Of Mice and Mystics
The other evening I convinced Mrs Von D to play a game of Mice & Mystics with me. Now The Lady is not much of a strategy gamer – by her own admission – so this was stretching it slightly but I was pretty sure that the cute theme of mice adventuring a la Secret of Nimh, and the fact that the game was co-operative rather than competitive would sway her.
Turns out I was right and she enjoyed it enough that she wants to play again.
(Could this be the gateway? will she be rolling d20s this time next year?)
(I very much doubt it)
Anyway, the game is a charming dungeon-crawler that plays out the fairytale story of some humans transformed into mice and who must rescue their kingdom from an evil witch queen.
I won’t go into a fully detailed review here as I’m sure many others have done that already over on Boardgamegeek. Suffice it to say that the gameplay is fun and accessible. I like storytelling games and this delivered in spades. We played through the first scenario in the quest book and sadly failed to complete it due to rather a bit of bad luck I feel (half of our search cards were treacheries, when they account for only about 5% of the deck I reckon).
Although we lost by running out of time – measured by filling up a clock space with little cheese wedge counters – we are both keen to replay it so we get to find out how the story continues. Although the rules were simple to pick up, and Plaid Hat do a great rule overview video on their website, it’s worth me going back over them to ensure we played everything correctly.
Things I like about the game:
The story. The Sorrow and Remembrance campaign quest book is larger than the rulebook and there’s a fair amount of reading to do. This was fine for us as I quite enjoy reading aloud anyway and the Lady and I particularly enjoyed the story.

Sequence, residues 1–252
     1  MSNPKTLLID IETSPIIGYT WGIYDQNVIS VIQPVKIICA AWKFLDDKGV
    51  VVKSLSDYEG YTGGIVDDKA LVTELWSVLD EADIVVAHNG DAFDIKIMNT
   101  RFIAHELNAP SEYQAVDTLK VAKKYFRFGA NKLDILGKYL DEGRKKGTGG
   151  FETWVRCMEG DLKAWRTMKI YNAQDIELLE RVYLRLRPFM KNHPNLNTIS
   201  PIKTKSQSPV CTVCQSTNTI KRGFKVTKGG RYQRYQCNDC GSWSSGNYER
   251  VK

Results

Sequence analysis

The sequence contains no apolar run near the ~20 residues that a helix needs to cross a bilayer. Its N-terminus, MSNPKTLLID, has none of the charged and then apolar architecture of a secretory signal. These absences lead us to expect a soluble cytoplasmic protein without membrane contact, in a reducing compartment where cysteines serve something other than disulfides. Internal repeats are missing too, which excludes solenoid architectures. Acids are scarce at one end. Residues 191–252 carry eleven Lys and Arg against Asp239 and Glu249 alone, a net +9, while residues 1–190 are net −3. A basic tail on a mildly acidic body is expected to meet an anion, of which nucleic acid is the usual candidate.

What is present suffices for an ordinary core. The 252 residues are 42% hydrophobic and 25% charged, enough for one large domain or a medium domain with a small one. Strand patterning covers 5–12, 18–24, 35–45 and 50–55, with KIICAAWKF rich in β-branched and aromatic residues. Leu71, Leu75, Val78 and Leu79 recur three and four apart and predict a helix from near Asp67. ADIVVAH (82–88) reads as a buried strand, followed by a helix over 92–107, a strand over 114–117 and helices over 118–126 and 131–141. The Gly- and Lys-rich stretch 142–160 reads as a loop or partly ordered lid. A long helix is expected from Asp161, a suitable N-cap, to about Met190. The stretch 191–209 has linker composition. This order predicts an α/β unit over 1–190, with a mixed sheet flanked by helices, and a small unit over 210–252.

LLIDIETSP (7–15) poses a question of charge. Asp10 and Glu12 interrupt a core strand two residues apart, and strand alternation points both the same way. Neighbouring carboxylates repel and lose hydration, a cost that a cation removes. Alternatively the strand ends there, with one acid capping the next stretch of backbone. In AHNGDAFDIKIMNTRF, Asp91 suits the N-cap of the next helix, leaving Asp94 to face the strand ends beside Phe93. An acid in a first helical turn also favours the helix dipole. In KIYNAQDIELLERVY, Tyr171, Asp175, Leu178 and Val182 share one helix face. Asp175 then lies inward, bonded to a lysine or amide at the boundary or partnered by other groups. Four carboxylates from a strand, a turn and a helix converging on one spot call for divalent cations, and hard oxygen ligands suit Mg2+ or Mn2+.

The production values. The miniatures are really lovely sculpts and all the components and production are top notch, with beautiful illustrations throughout.
The gameplay. The rules were simple, fun and quick to pick up. Yet there’s enough variety from a special ability cards and an extensive equipment deck to keep things varied for a while.
Things I wasn’t so sure about:
The ticking of the cheese clock. In our first game we only seemed to get about halfway through the level before we ran out of time on the cheese clock. When a villain rolls a cheese on any one of its dice, you place a cheese wedge on the clock and this seemed to fill up a little too fast for our liking. I feel the need to re-read the rules to check we were doing things correctly. I was surprised that in the very first mission, we failed to get half way. They usually like to ease you in gently!
Rules ambiguity. The rules for the most part are concise but we did have a few ambiguities to house-rule when it came to interactions of abilities and treachery cards. I’ll see if there’s a FAQ to clear some of that stuff up. And a rules re-read may also help. It’s only a minor niggle though.
Now the reason I’m posting about the game here on the blog is that, although it’s not a tabletop wargame, it does feature some rather lovely plastic miniatures that are really crying out for a touch of paint. Especially the hero mice so it will be easier for players to distinguish them on the board.
Oh and of course I’ve declared my love of Ameritrash boardgames here before so my talking about it may not be such a surprise.
I shall have to post up a review of Zombicide next. Zombies are slightly less cute than mice.